Album Reviews

Girl Band
Holding Hands with Jamie

Oct 06, 2015 Web Exclusive

Girl Band by name, girl band by nature? Not this one. The Irish quartet are all male purveyors of guttural noise punk whose debut LP Holding Hands With Jamie is as searing as it comes.

Miley Cyrus
Miley Cyrus and her Dead Petz

Oct 05, 2015 Web Exclusive

There is unlimited supply, on the Internet and in "real life," of opinions about Miley Cyrus, but nobody can deny that she is interesting. The young, innocent girl behind Hannah Montana—a property often synonymous with Disney's clean, family-friendly image—gradually evolves into a typical child-star trainwreck, exploring drugs and sexuality, and then into something else entirely: a relentlessly real, authentic, down-for-anything crazy person.

Lana Del Rey

Oct 02, 2015 Web Exclusive

If "beach goth" is already a musical genre taken by neo-surf rockers, then Lana Del Rey's new album Honeymoon has given birth to "tropical noir;" all the imagery of swaying palm trees and hallucinatory California sunsets with the heightened drama and mystery of an old Hollywood film score.  

Classic Interviews

Jeff Lemire

Jeff Lemire
The Beauty of Collaboration

Jan 20, 2012 Web Exclusive

Two of the surprise hits of DC New 52 initiative were Jeff Lemire's trippy horror series Animal Man and his action-packed Frankenstein: Agent of S.H.A.D.E. Both made a big splash for the Sweet Tooth scribe. Here we talk for a spell with the inspiring young writer. He dishes back his thoughts on the collaborative environment of DC Comics, reluctant heroes, ceding control to artists, and remaining silent about the Mysterious Red-Hooded Woman. Also, see our discussion with his partner in crime, Scott Snyder (BatmanSwamp Thing).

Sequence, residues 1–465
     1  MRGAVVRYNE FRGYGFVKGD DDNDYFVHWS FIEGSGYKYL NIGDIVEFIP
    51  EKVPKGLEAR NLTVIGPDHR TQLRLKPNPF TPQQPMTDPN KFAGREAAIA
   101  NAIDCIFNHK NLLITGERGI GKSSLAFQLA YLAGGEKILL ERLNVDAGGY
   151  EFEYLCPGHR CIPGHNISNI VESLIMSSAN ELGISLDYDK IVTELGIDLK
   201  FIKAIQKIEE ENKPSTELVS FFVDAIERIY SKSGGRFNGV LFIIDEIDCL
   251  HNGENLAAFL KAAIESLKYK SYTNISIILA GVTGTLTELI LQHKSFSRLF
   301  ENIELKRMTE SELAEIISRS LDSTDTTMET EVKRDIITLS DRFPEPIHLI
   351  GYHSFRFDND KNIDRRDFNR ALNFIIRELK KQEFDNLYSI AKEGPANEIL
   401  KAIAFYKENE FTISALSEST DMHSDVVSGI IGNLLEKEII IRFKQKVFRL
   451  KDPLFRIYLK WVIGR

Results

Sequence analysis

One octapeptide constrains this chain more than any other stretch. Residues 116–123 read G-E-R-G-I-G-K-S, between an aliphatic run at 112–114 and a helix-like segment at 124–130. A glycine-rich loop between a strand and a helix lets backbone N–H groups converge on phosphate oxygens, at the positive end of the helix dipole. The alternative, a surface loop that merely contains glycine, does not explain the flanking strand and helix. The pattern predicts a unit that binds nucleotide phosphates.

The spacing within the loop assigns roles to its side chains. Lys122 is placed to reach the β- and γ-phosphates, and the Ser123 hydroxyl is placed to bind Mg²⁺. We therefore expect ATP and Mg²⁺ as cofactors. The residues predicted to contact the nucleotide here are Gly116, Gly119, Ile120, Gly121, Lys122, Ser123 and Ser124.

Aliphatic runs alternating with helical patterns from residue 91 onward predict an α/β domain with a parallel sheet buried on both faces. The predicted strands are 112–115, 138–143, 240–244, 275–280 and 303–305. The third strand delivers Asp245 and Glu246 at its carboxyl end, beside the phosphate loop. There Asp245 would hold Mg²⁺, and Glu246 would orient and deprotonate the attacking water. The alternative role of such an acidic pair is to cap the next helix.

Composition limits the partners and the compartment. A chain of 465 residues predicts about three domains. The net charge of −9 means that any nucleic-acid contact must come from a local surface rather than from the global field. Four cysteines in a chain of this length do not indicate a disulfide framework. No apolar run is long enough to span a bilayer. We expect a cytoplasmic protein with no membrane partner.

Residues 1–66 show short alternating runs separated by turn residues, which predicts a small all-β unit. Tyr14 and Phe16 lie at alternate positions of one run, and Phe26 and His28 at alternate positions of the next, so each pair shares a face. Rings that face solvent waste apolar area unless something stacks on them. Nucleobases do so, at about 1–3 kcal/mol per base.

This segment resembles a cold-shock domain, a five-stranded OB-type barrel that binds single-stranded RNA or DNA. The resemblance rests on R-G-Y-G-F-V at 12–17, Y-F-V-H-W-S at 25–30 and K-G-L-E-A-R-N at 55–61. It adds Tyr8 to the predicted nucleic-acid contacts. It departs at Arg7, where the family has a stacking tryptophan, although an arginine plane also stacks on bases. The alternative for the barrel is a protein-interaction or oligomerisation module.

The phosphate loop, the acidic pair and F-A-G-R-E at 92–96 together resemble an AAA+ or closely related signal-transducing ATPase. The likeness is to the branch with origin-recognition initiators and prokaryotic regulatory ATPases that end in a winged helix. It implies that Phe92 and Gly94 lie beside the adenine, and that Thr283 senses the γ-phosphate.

Comic Book Reviews

Motorcycle Samurai
Top Shelf

Oct 01, 2015 Issue #54 - August/September 2015 - CHVRCHES

Chris Sheridan has built a great post-society world in Motorcycle Samurai, and a quite intriguing title character in White Bolt, the mysterious, cooler-than-a-cucumber woman with the skull painted on her helmet. 

Book Reviews

Compiled and edited by Benedetta LoBalbo
The Musician Says: Quotes, Quips, and Words of Wisdom

Oct 06, 2015 Web Exclusive

The Musician Says is a pocket-sized collection of quotes from a diverse collection of artists, meant to illuminate the musician’s experience.


Django Django

Oct 01, 2015 Issue #53 - April/May 2015 - Tame Impala

It was a dark (and possibly stormy) night. The members of London-based Django Djangodrummer/producer Dave Maclean, singer/guitarist Vinnie Neff, bassist Jim Dixon, and keyboardist   Tommy Gracewere recording at Angelic, an old barn that had been converted into a residential studio. 

Tori Amos on “Little Earthquakes,” “Under the Pink,” and “The Light Princess”

Sep 25, 2015 Web Exclusive

In the Spring, Tori Amos reissued her first two albums, 1992's Little Earthquakes and 1994's Under the Pink.  Groundbreaking works of honesty, emotion, and unbridled passion, the albums were the sound of one woman kicking against convention and showing herself as a songwriter for the ages. 

Pleased to meet you

Pleased to Meet You Spotlight: Briana Marela

Sep 04, 2015 Web Exclusive